The Bristol-based dairy co-operative has changed the packaging shape and appearance of its branded milk product to include an additional handle on the top to allow easier pouring, while a non-drip lid will allow the milk product to be laid flat in the fridge.
OMSCo, which represents around three hundred organic farmers, hopes to imitate the success of Rachel's Organic and Yeo Valley dairy companies, both of which have successfully penetrated the mainstream UK dairy sector in recent years, withstanding cheaper, commodity-based competition.
"To a certain extent milk has lost its premium cachet," Sally Bagenal, OMSCo's chief executive, told DairyReporter.com.
"Over the last decade supermarkets have exploited milk's position as the UK's second most frequently purchased item, turning it into a commodity and subsequently using it as a means of driving store traffic," she added.
The dairy co-operative has recently secured a lucrative six-month distribution deal for its Altogether Better brand with Sainsbury's, the UK's leading organic retailer (in value terms), and hopes to line up similar distribution arrangements with other multiple retailers.
Furthermore, its Altogether Milk rollout will be accompanied by a nationwide poster campaign across 200 stores, which will target approximately 600,000 UK consumers.
"Our intention is to restore UK consumers' faith in milk as a healthy, natural and nutritious product. We are trying to raise the profile of dairy products across the board, not just for the organic sector," said Bagenal.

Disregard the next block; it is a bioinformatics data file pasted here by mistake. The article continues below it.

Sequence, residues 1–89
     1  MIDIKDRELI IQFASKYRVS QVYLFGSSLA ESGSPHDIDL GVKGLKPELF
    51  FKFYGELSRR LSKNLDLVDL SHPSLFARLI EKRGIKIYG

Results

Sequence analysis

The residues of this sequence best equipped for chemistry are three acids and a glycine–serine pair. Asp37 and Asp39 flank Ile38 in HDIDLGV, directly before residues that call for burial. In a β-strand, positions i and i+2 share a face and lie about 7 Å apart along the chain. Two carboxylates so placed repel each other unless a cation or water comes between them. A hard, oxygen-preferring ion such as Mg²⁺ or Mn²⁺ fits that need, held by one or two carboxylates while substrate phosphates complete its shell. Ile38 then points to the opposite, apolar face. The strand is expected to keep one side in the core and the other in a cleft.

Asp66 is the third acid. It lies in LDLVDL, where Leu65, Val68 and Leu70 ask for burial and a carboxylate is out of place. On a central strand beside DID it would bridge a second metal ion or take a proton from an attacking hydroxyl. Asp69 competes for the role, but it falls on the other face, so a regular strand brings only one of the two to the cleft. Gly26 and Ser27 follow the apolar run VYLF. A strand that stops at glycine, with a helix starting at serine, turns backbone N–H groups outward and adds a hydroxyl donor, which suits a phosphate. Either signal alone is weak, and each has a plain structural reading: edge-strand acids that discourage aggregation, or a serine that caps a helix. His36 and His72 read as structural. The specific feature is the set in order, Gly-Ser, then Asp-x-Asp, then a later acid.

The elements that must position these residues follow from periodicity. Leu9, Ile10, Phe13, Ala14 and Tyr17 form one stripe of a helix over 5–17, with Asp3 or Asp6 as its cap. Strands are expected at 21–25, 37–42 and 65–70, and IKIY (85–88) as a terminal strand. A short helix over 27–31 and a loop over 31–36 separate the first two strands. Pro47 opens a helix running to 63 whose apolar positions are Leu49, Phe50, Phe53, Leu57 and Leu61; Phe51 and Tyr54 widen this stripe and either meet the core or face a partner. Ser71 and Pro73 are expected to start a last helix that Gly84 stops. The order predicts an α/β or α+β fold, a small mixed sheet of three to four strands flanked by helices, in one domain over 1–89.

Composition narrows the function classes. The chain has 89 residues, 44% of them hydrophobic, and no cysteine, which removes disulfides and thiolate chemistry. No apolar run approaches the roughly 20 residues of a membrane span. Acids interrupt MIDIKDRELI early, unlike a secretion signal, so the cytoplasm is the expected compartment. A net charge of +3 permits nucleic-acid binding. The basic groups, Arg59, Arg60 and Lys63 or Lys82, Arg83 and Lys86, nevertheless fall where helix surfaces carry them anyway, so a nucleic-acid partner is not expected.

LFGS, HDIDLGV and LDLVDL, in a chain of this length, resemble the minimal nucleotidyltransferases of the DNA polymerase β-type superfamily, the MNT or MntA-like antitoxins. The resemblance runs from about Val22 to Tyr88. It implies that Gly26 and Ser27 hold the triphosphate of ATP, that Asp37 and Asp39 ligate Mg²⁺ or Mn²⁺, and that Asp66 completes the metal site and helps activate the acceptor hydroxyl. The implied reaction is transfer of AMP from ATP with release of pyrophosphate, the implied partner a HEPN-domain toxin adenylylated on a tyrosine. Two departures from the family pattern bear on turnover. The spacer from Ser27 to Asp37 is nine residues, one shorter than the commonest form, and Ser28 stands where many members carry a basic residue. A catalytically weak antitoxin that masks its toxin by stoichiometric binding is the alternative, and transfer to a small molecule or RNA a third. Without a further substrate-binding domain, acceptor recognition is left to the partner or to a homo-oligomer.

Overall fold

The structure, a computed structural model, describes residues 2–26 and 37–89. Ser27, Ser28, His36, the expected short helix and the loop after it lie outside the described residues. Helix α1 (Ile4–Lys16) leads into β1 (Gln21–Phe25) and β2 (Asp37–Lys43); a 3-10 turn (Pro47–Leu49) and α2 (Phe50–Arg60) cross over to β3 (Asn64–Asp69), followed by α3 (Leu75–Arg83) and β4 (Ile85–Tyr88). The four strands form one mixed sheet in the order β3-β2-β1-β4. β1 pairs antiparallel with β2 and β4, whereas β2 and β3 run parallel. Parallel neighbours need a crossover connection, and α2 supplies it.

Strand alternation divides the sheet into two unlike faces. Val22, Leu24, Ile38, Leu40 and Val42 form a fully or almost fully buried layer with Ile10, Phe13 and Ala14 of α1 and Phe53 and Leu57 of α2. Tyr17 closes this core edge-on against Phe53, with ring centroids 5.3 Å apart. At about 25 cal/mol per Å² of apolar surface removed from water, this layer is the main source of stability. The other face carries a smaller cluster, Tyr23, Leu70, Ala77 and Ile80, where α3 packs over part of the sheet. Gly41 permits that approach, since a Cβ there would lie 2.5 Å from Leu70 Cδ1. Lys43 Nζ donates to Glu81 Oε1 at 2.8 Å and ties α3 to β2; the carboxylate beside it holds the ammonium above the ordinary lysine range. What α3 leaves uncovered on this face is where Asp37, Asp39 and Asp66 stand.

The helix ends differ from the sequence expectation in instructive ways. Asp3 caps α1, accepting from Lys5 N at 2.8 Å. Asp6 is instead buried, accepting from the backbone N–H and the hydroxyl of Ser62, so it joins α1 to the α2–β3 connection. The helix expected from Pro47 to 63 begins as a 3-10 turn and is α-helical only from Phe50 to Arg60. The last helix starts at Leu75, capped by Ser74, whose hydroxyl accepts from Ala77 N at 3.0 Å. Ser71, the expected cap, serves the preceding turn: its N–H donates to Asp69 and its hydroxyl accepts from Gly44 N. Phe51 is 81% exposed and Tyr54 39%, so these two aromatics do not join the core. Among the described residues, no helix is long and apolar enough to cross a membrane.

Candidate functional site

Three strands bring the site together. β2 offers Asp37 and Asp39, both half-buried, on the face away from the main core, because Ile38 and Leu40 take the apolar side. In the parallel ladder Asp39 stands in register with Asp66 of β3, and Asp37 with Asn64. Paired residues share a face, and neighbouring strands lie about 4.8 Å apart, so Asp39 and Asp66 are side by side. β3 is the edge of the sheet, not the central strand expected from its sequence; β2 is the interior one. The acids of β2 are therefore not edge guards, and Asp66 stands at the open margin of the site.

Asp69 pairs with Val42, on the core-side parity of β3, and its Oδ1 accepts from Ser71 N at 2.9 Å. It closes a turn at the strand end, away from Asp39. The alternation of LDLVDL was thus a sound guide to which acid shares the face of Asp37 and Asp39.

But marketing tactics aside, it appears that the main barrier holding back the UK's organic industry is simply one of cost.
A four-pint (1.89 litre) canister of Altogether Better, for instance, costs £1.64 - 23 and 64 per cent more expensive than supermarkets' own-label organic milk and non-organic milk respectively.
OMSCo, however, argues that British consumers are prepared to fork out more for organic produce because of the scientifically proven health benefits associated with its consumption.
Last month researchers from the University of Newcastle upon Tyne discovered that organically reared cows, which eat high levels of fresh grass, clover pasture and grass clover silage, produced milk which is on average 50 per cent higher in vitamin E (alpha tocopherol), 75 per cent higher in beta carotene (which our bodies convert to vitamin A) and two to three times higher in the antioxidants lutein and zeaxanthine than its non-organic counterpart.
According to industry analysts Euromonitor International, the UK's organic milk sector notched up £142 million in sales last year and is set to increase by 18.3 per cent to £168 million by 2009.